Table 2 summarizes results on mtDNA sequences from the whole sample of 30 subjects. In particular, both PD and control mtDNA sequences show decreased numbers of the four nucleotide bases when compared to rCRS. These changes, accounting for similar numbers of nocall, homoplasmic, and heteroplasmic mutations observed in PD and control subjects, do not show statistically significant differences.
Table 2. Characteristics of mtDNA sequences processed by the proposed method.
Number 
rCRS 
PD patients 
Controls 
p Value 
Subjects 

15 
15 

Adenine 
5117 
4884 ± 252 
4912 ± 110 
0.359 
Cytosine 
5175 
4658 ± 206 
4618 ± 168 
0.301 
Guanine 
2163 
2102 ± 92 
2108 ± 49 
0.421 
Thymine 
4089 
3880 ± 239 
3916 ± 101 
0.311 
Nocall 
 
1009 ± 765 
980 ± 390 
0.453 
Homoplasmy 
 
18 ± 8 
21 ± 8 
0.196 
Heteroplasmy 
 
12 ± 13 
10 ± 6 
0.332 
Values are expressed as mean ± SD; p Values have been calculated by onetailed ttest for p≤0.05 to compare differences between PD and control groups; rCRS: revised Cambridge Reference Sequence; PD: Parkinson’s Disease.
Our method of fractal lacunarity analysis was systematically applied to CGR matrices 2^{L}x2^{L} generated from the above described mtDNA sequences for L=5 (32x32) and L=6 (64x64) based on results obtained in a previous study on mtDNA in AD ^{[1]}. For the best characterization of any mtDNA sequence analyzed, the combination of coefficients, both sigmoid coefficients (k and σ) and b_{min}, was confirmed to be: k equal to 7 and σ equal to 0.7; b_{min} equal to 3 and 5. For this set of coefficients, we obtained comparable results related to rCRS.
Examples of CGR images for L=5 from whole mtDNA sequence of rCRS, a PD patient, and an agematched control are reported in Figure 4a. In spite of a similar display among the three kinds of mtDNA sequences, parameter b values related to both PD and control subjects significantly differ from rCRS. In particular, lower b values, observed in PD and control mtDNA when compared to rCRS, correspond to the degree of alterations (number, type and dislocation) of the nucleotide sequences considered. In this study, however, we didn’t find any statistically significant difference between PD and control groups for both b_{min} 3 and 5 in matrices 32x32 (L=5) and 64x64 (L=6). Other matrix sizes (i.e., L=4, L=7, L=8) tested did not show statistical differences as well. We also noted that two PD subjects and three controls did not exhibit the characteristic hyperbolalike lacunarity curve of their mtDNA sequence CGR for L=5 and b_{min}=3.
Figure 4. Examples of CGR images of whole mtDNA sequences (a) and related GenBank np 57139713 frames (b) from different subjects. Lacunarity parameter β value for CGR matrices 32x32 (L=5) generated from mtDNA of rCRS (left), a PD patient (middle), and a control (right) is reported. CGR: Chaos Game Representation; rCRS: revised Cambridge Reference Sequence; PD: Parkinson’s Disease.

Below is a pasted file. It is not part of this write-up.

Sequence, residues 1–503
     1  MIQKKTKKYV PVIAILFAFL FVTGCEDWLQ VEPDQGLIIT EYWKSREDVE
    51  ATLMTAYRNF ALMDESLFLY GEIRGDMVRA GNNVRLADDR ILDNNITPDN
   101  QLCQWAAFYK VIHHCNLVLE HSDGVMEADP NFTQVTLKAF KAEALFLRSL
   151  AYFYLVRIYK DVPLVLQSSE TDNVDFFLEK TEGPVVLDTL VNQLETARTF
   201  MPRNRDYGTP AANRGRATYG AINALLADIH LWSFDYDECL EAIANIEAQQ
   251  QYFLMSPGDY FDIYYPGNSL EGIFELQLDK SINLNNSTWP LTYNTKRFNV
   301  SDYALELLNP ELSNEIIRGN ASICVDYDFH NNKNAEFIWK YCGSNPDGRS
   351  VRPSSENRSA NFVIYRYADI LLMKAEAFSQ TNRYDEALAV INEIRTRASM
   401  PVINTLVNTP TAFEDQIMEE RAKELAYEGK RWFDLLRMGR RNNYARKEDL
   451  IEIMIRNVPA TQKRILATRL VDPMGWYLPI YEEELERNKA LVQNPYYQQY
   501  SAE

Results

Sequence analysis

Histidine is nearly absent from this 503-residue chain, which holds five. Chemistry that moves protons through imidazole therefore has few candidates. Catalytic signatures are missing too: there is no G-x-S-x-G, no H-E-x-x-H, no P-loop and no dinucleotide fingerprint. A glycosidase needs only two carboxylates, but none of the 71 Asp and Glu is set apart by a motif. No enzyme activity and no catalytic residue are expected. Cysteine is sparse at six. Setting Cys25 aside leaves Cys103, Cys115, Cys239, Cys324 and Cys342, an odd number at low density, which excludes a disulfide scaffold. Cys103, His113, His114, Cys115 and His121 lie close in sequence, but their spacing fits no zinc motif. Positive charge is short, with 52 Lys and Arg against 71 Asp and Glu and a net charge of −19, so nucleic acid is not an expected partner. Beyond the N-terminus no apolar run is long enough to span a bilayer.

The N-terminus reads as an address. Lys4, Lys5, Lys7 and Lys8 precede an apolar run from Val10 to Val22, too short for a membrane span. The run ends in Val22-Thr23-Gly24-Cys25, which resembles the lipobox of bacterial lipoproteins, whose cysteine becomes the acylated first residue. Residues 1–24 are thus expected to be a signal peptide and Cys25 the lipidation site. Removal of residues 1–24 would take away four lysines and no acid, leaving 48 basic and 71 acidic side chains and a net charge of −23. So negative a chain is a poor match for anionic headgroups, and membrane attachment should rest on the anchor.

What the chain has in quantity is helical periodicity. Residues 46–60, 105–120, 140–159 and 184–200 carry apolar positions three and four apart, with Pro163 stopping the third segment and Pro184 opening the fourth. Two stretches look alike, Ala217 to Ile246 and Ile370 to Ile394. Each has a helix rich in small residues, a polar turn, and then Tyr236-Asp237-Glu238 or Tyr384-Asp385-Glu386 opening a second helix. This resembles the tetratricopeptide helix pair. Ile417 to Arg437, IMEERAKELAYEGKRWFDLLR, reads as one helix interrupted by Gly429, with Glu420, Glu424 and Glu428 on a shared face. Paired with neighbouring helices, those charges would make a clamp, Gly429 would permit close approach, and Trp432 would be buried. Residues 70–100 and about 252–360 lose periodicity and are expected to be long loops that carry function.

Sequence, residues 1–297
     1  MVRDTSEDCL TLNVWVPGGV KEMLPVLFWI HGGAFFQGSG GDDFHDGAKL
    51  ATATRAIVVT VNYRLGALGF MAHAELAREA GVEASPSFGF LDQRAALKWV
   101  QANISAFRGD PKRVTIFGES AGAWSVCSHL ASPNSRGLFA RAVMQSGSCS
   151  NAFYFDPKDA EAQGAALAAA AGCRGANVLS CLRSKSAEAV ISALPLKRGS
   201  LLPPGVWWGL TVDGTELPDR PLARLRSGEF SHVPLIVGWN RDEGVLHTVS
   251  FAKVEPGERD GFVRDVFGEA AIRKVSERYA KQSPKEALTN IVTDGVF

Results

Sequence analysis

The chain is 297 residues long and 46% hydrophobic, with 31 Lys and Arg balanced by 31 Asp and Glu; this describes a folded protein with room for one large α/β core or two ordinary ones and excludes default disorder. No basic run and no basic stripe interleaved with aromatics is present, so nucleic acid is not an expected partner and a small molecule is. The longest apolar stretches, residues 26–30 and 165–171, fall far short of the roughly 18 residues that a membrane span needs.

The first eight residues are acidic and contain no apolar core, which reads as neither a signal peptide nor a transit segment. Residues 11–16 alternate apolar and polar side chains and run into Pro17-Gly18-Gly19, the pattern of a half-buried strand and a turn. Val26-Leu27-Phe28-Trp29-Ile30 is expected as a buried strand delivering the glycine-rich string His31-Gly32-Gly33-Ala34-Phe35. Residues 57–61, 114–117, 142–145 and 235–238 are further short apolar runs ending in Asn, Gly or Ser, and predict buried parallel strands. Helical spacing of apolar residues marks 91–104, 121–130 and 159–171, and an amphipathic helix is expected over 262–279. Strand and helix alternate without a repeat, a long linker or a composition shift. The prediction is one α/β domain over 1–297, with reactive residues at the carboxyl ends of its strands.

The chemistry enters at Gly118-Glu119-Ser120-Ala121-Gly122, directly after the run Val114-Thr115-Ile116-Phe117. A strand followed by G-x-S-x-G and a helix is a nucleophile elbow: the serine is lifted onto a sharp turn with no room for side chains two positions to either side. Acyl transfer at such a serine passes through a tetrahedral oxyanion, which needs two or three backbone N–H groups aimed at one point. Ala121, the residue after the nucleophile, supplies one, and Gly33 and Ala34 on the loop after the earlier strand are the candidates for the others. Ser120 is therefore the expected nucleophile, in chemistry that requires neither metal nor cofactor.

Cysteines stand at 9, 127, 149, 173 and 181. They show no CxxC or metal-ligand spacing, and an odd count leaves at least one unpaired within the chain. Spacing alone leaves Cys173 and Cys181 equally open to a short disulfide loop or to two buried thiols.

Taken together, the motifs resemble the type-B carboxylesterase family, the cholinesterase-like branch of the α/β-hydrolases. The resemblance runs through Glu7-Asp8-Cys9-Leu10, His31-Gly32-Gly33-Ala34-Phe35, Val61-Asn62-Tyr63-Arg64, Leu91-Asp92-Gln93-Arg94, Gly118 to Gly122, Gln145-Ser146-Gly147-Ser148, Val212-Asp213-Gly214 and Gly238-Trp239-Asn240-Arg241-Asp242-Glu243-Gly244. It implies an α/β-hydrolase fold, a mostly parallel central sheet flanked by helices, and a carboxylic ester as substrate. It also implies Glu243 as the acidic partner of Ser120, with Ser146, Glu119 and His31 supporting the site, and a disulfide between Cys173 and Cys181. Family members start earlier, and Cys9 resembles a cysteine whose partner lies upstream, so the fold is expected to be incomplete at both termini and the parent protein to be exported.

Because of the low number (58) of np differing between PD and control groups ^{[30]} we decided to analyze a shorter frame of mtDNA sequence. In particular, we considered the frame length corresponding to 5713–9713 np in the GenBank. It represents about ¼ of the whole mtDNA sequence and contains 41% (24 out of 58) np with increased presence of nonreference alleles in PD patients. Interestingly, mutations in this frame involve genes, such as COI, COII, COIII of complex IV, and ATPase6 of complex V, of the respiratory chain. These complexes play a very important role in energy production; therefore, their mutations may represent a serious impairment of cell metabolism. Figure 4b shows examples of CGR for L=5 of the mtDNA frame considered, and related β values, from rCRS and from the same PD and control subjects of Figure 4a.
Lacunarity analysis of 32x32 CGR matrices generated from this mtDNA frame length showed a significant lower β value in both PD and control groups when compared to rCRS. After exclusion of two PD patients and two controls displaying abnormally high α values, a statistically significant difference was observed between PD patients and agematched control subjects with lower β values found in controls. Table 3 summarizes lacunarity results from both mtDNA whole and frame lengths for CGR size 32x32 (L=5) and b_{min}=3. Randomized sampling method was applied to the sample of subjects under study to confirm that the statistically significant difference between PD and controls is not reached by chance alone. Results from 20fold repeated randomized sampling into two mixed groups do not show any statistical difference.
Table 3. Fractal parameters from lacunarity analysis method based on hyperbola model function of mtDNA in Parkinson’s disease.